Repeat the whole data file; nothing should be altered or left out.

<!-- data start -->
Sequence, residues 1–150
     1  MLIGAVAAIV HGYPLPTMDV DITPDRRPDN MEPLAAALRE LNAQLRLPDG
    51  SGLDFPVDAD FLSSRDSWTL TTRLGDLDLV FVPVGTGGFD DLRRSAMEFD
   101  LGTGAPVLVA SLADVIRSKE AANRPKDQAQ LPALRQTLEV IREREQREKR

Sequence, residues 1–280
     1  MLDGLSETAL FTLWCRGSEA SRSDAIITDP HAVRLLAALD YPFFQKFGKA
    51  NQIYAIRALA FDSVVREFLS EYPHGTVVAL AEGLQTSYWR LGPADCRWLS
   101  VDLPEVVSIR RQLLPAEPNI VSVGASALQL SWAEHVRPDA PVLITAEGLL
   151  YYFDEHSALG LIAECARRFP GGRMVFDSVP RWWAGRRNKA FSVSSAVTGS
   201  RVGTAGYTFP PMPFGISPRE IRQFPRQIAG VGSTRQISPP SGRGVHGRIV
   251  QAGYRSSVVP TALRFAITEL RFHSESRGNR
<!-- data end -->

Sequence, residues 1–150
     1  MLIGAVAAIV HGYPLPTMDV DITPDRRPDN MEPLAAALRE LNAQLRLPDG
    51  SGLDFPVDAD FLSSRDSWTL TTRLGDLDLV FVPVGTGGFD DLRRSAMEFD
   101  LGTGAPVLVA SLADVIRSKE AANRPKDQAQ LPALRQTLEV IREREQREKR

Sequence, residues 1–280
     1  MLDGLSETAL FTLWCRGSEA SRSDAIITDP HAVRLLAALD YPFFQKFGKA
    51  NQIYAIRALA FDSVVREFLS EYPHGTVVAL AEGLQTSYWR LGPADCRWLS
   101  VDLPEVVSIR RQLLPAEPNI VSVGASALQL SWAEHVRPDA PVLITAEGLL
   151  YYFDEHSALG LIAECARRFP GGRMVFDSVP RWWAGRRNKA FSVSSAVTGS
   201  RVGTAGYTFP PMPFGISPRE IRQFPRQIAG VGSTRQISPP SGRGVHGRIV
   251  QAGYRSSVVP TALRFAITEL RFHSESRGNR